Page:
Preserving Japanese traditional culture

A couple of weekends ago, Mr. SweetPersimmon and I attended a festival not far from Portland, Oregon put on the the Kominka Collective.  This non-profit organization’s mission is “to save old Japanese folk houses while preserving and passing on traditional carpentry methods.”

The word kominka refers to houses built at least 50 years ago and in particular to those built before the Taisho Period. Komika were constructed with high-quality local wood, including zelkova, sakura, chestnut, and cypress. These structures are characterized by traditional Japanese timber framing using broad beams and posts, ceramic tiled roofs, and a rustic yet elegant beauty.  Japanese timber framing, used for wooden construction in temples, shrines, and folk houses, has many advantages, including strength, durability, and maintainability – as well as its elegant appearance.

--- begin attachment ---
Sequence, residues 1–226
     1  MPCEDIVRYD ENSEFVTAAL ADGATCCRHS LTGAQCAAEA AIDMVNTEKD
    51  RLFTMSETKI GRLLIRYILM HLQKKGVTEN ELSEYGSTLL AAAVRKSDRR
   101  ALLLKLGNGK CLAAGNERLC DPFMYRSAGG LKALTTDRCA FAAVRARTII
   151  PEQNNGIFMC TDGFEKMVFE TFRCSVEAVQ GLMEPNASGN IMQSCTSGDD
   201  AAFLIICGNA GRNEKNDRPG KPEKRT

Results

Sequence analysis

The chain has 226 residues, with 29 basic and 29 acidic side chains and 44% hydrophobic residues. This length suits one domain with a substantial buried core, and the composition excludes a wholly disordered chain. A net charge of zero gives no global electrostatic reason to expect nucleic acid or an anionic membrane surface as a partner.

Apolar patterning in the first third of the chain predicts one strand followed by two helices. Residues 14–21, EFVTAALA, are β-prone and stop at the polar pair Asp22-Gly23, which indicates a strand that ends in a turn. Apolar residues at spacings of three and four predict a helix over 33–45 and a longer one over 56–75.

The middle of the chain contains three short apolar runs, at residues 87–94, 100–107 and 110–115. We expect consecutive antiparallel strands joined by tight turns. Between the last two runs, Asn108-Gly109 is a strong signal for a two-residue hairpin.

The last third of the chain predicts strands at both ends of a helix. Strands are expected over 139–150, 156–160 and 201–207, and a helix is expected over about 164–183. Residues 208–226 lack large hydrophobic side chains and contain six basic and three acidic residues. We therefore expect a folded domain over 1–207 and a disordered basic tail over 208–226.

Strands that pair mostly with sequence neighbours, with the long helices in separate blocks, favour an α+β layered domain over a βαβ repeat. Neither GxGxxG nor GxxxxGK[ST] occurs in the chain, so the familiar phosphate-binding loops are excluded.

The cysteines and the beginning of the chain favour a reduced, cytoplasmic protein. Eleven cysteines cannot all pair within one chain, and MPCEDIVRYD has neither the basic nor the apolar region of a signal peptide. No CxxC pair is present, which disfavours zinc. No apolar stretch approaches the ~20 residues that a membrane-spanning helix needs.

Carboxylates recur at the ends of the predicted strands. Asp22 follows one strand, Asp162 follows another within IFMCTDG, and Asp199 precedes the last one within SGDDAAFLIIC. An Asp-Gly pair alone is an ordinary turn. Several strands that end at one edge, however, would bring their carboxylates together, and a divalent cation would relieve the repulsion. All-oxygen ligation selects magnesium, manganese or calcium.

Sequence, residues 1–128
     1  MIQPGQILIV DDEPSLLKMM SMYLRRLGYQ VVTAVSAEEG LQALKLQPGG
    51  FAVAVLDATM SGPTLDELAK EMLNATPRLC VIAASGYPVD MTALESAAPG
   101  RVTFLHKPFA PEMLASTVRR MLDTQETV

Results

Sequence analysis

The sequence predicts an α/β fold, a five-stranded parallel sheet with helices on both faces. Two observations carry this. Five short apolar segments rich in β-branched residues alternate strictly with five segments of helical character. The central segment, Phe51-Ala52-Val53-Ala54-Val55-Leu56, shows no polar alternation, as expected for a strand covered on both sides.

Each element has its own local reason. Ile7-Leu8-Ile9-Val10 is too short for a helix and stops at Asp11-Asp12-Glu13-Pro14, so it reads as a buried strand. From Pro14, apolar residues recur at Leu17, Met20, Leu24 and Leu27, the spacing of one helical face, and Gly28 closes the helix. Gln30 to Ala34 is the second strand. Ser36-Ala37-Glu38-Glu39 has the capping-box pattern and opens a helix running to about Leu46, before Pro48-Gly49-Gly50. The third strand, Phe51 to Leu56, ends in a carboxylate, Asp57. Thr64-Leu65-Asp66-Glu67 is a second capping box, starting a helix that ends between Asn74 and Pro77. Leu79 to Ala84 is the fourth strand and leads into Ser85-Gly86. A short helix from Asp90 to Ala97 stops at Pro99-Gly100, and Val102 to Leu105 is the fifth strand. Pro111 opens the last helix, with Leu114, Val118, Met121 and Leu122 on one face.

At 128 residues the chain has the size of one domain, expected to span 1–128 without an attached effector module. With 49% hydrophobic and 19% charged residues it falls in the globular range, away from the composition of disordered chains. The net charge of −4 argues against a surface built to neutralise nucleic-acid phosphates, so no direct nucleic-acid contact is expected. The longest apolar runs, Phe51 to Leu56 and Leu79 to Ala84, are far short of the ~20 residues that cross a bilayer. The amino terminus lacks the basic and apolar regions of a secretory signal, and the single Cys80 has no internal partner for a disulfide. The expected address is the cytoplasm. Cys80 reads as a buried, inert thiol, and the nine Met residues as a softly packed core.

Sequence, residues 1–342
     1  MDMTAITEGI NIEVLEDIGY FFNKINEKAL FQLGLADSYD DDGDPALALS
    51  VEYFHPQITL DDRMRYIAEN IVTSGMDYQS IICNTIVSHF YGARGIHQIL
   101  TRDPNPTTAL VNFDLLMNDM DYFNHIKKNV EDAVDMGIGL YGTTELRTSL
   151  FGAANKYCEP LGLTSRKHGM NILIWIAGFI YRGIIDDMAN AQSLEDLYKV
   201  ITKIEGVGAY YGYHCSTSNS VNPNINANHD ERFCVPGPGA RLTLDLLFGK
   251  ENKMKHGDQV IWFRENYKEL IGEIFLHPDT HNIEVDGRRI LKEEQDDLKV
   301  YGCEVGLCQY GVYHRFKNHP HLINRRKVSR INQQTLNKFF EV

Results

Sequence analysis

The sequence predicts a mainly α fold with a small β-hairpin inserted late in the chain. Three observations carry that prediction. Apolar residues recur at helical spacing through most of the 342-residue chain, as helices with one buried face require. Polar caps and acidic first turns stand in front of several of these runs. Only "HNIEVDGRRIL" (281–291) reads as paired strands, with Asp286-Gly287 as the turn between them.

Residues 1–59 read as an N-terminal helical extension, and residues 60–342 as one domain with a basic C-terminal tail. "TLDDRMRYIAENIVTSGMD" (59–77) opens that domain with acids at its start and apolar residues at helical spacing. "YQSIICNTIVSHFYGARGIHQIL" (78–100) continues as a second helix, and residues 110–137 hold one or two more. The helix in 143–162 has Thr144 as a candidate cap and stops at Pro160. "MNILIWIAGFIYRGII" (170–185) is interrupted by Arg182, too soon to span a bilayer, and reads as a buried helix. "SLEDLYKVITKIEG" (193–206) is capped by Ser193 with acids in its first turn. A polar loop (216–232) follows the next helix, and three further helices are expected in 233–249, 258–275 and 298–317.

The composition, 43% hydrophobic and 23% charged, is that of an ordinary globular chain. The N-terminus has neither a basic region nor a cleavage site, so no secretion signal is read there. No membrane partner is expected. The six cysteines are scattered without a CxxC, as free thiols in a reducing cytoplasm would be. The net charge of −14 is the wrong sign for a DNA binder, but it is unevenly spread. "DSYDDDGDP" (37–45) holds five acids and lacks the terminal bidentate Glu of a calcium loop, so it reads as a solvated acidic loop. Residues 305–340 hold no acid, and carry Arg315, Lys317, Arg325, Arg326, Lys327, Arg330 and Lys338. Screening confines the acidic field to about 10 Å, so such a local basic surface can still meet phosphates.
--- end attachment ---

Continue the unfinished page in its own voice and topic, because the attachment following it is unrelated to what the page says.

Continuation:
The day was a celebration of traditional Japanese culture.  It took place at Camp Colton, a picturesque camp about an hour from our house.  The large lodge structure had booths showcasing traditional Japanese arts food and culture.  During the day there were taiko and shamisen performances, calligraphy, tea ceremony, ikebana, demonstrations and workshops, origami for the kids, panel discussions, restoring tansu chest workshop, yakisugi (burnt cedar) demonstrations, traditional woodworking with tools and maintenance demonstrations.

One of the presentations by Kiyomi Koike of Kominka Life Coaching. The challenges facing her led her to the healing of Japanese tea, tea ceremony and embracing the mission of Kominka preservation.  One of the first Kominka disassembled, shipped overseas and reassembled is in Enterprise, Oregon where Kiyomi lives and runs her business of importing green tea and coaching people “to help you live a life as your authentic self in the midst of life’s chaos.”  Enterprise is located in rural Northeast Oregon, with spectacular scenery.  You can book a stay in the restored Kominka.